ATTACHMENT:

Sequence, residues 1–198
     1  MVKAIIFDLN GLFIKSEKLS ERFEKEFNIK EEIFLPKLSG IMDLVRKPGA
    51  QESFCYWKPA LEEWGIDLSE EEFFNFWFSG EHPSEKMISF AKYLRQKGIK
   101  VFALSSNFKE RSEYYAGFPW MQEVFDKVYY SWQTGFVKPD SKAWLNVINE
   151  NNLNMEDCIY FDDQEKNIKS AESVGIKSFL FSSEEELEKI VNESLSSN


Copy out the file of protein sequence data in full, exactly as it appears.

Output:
Sequence, residues 1–198
     1  MVKAIIFDLN GLFIKSEKLS ERFEKEFNIK EEIFLPKLSG IMDLVRKPGA
    51  QESFCYWKPA LEEWGIDLSE EEFFNFWFSG EHPSEKMISF AKYLRQKGIK
   101  VFALSSNFKE RSEYYAGFPW MQEVFDKVYY SWQTGFVKPD SKAWLNVINE
   151  NNLNMEDCIY FDDQEKNIKS AESVGIKSFL FSSEEELEKI VNESLSSN